Trustees vote 6-2 in favor of personnel cuts.
Trustees voted 6-2 in favor of laying off six professional firefighters and one fire lieutenant during an emotional standing room only board meeting Thursday.
The lieutenant, under civil service law, will actually be demoted to firefighter.
Trustees Dennis Donnelly, Nick Episcopia, Laurence Quinn, Brian Daughney and John DeMaro, along with deputy mayor John Watras, voted in favor of the move. Village counsel Gary Fishberg said the cuts will save the village $950,000 per year, citing the cost per firefighter is roughly $154,000 per year.
Mayor Don Brudie and trustee Andrew Cavanaugh opposed the layoffs.
"I am opposed to reducing the staff of a department charged with life saving and property protection responsibilities," he said. "The budget process has just begun and the board is taking these steps without first exploring reductions in other non-life threatening areas where expenditure reductions would not have a draconian impact on our residents, their property and their safety."
"Similar efficiencies can be achieved without these layoffs," added Cavanaugh, who serves as finance chairman.
The majority of those who spoke at Thursday's meeting, including two of the six firefighters laid off and 23-year member Frank Roca, the demoted lieutenant, were outraged by the vote, calling the six trustees cowards.
"You can't even look them in the eyes," a Tullamore Road resident shouted as he made his way out of the boardroom.
Firefighter Peter Thorp
, who's been with the department for seven years, said at 31 years old he can't imagine doing anything else. "I, as a career firefighter, will tell you we can't do our job without the volunteers," he said. "It's a two-way street. One doesn't supplement the other. You've got a great system. It's very short-sighted to give it up for a minimal amount of money."
Fellow firefighter and village resident TJ Michon said the total cost of six firefighters is $105 per household per year or roughly $17.50 per year for each.
"It seems safety really isn't the issue here. It's about money," he said, reminding trustees of the money spent on polls and surveys for St. Paul's and senior needs. "Yet here we are talking about cutting firefighters for a savings of $105 a year," he said.
Fishberg and several of the trustees who voted for the layoffs told Patch after the meeting they didn't know where the firefighters were getting the $105 and $17.50 figures from.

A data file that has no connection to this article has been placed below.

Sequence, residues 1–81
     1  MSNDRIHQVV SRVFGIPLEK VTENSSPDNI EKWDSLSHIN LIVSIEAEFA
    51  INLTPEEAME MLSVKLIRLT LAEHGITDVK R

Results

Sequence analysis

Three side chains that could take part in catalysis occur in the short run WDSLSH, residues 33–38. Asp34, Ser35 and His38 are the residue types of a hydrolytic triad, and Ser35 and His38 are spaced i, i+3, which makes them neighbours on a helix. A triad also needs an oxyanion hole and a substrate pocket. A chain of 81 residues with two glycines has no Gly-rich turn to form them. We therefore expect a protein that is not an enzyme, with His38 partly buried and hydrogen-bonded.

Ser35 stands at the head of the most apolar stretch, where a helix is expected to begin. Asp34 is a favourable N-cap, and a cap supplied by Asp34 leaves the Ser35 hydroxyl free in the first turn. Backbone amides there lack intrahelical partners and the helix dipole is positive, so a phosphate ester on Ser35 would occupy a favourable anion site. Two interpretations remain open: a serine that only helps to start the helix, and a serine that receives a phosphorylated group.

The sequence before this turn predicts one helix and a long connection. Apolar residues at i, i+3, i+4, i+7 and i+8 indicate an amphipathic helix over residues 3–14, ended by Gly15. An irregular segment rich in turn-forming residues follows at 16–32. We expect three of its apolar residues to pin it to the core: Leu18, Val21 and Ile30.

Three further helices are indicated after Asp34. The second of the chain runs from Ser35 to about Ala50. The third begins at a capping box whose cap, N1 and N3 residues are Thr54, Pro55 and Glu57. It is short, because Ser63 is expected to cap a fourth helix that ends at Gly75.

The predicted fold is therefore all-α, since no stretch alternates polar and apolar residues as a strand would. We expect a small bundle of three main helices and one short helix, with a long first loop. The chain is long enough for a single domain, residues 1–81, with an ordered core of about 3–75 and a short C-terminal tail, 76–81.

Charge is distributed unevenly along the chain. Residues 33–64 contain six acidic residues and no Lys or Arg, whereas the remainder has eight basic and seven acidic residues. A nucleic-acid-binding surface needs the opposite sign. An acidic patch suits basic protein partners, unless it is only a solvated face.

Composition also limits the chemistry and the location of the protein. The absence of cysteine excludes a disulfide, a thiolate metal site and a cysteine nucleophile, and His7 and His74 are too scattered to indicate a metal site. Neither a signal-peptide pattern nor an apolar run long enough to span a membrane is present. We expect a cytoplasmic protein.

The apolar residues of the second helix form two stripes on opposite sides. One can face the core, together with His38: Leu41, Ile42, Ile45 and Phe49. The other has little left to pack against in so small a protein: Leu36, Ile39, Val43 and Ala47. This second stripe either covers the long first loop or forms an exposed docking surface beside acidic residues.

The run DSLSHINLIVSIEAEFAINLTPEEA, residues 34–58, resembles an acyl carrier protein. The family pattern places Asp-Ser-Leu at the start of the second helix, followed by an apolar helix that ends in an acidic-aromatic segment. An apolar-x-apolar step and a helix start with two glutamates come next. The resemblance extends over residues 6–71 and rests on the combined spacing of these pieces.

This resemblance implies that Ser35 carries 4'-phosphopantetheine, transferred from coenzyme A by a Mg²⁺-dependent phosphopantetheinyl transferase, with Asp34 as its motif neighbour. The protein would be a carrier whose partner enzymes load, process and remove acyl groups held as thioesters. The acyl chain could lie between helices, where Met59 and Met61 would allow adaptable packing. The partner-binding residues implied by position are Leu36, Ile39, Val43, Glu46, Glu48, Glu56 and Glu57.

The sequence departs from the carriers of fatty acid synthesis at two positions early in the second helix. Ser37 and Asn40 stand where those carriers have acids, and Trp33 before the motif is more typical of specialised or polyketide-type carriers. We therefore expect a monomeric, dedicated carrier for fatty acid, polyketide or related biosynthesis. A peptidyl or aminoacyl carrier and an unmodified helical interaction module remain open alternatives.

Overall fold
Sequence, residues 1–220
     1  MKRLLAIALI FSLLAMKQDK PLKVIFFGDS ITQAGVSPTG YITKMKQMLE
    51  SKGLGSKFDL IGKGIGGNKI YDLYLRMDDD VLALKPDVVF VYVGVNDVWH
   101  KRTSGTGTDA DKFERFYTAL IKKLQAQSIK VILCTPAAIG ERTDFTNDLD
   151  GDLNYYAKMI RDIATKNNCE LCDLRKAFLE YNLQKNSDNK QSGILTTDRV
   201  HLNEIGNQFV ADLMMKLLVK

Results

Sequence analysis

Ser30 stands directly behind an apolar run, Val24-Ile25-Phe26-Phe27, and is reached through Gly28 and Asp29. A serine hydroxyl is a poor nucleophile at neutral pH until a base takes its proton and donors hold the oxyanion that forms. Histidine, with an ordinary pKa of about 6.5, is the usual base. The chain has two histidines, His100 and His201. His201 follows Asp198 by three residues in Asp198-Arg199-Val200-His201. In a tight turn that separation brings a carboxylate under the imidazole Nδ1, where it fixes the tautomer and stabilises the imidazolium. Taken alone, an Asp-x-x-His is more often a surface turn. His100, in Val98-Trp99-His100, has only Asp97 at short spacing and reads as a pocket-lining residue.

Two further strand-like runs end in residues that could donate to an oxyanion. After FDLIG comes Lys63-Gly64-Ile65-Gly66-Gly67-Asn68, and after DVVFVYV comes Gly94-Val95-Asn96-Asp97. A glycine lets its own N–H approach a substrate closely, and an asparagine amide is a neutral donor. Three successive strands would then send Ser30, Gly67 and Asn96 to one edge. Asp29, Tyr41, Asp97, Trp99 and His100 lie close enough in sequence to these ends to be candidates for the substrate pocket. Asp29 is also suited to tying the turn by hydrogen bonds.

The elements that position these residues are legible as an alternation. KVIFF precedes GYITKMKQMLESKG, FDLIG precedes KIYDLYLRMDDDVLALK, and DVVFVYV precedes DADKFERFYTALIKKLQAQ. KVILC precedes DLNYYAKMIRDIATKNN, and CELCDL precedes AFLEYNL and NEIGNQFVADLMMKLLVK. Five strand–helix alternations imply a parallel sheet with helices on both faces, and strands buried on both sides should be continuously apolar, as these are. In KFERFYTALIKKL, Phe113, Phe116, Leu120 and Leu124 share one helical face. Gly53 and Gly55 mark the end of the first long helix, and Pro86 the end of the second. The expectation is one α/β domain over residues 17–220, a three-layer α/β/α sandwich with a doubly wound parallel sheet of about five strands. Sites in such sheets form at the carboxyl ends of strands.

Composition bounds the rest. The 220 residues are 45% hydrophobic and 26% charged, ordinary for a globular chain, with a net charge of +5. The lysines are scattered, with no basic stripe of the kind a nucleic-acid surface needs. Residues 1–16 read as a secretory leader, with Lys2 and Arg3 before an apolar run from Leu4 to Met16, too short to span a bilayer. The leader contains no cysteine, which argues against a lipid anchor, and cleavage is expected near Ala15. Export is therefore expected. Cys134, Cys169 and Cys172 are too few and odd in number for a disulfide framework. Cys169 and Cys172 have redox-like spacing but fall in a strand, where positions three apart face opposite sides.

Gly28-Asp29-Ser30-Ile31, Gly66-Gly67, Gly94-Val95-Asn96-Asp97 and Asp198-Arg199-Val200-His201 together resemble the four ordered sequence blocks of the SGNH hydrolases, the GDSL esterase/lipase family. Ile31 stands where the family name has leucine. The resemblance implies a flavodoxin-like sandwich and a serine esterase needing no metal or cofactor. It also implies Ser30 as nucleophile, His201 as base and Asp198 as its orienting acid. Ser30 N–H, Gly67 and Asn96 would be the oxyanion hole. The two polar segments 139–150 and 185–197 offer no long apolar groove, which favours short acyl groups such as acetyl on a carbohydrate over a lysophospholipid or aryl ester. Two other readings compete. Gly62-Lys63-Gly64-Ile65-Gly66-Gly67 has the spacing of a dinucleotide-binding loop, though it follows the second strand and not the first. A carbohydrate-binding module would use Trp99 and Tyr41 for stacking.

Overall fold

According to village auditor Jim Olivo, there are many variations on calculating the cost to the "average" home - not the least of which is the average value itself. "If one uses the 2013-2014 'all benefits in' cost without overtime, as projected,
(908,159) and subtract that from the tax levy of 2012-2013 you develop a
tax rate drop of $.86," he told Patch Friday. "This represents slightly over 2 percent on the tax rate, and equals $116.10 to a 13,500 assessed home."
A resident of Garfield Street told trustees to knock down St. Paul's to save a buck. "Tear down that monstrosity. It's an eyesore," he said.
After review of the International City/County Management Association (ICMA) report and through consultation with the fire chiefs, the board determined the department could operate with four lieutenants and 18 firefighters, resulting in "considerable economic savings" to the village.
When asked, Chief Charles Cavarra stated a risk analysis was performed, as recommended in the ICMA report, and is available to the public.
Cavarra also ensured residents that despite "all these uncomfortable situations" the chiefs did come up with a response matrix to keep the outlying firehouses manned 24/7 and one fire lieutenant for the duration. "I am planning on keeping them open," he said.
Tim Gaynor blasted the board for lack of transparency, stating he had only heard about the possible layoffs through an email he received from a career firefighter the night before. "One hundred dollars to save jobs? Charge me $300. Charge me $500," he said. "It's an outrage. People who left police jobs in the village of Hempstead, NYPD jobs. Where are they going to go now? They're going to go out in this job market and find a job? Are you serious?"
Leo Stimmler, on the other hand, thanked the board for taking the action. "Without this action residents like myself would not be able to continue living in this village," he said. "Last night at the budget meeting I thought I heard pension costs were going up 13 percent in on year … Senior citizens as you may know we haven't had a cost of living adjustment in our Social Security until just before the election when President Obama raised the cost of living adjustment for Social Security. We were living on fixed incomes. Some of us have been retired for five or more years flat so we don't get raises. I think this took a lot of courage. I'd like to thank the chief. I'd like to thank the board of trustees."
Grove Street resident Bob Orosz wanted the board to table the decision. "It was a very disappointing evening," he said. "Appearance means a lot and I think the whole fire department became demoralized and that's going to be a problem going forward … I agree with trustee Cavanaugh things could've been done. It just wasn't handled well."
Brudie, however, is still hopeful. "The collective bargaining issue isn't over so there's a possibility we can come up with some kind of resolution and reverse course here," he said.What's your reaction to the move? Let us know in the comments section below.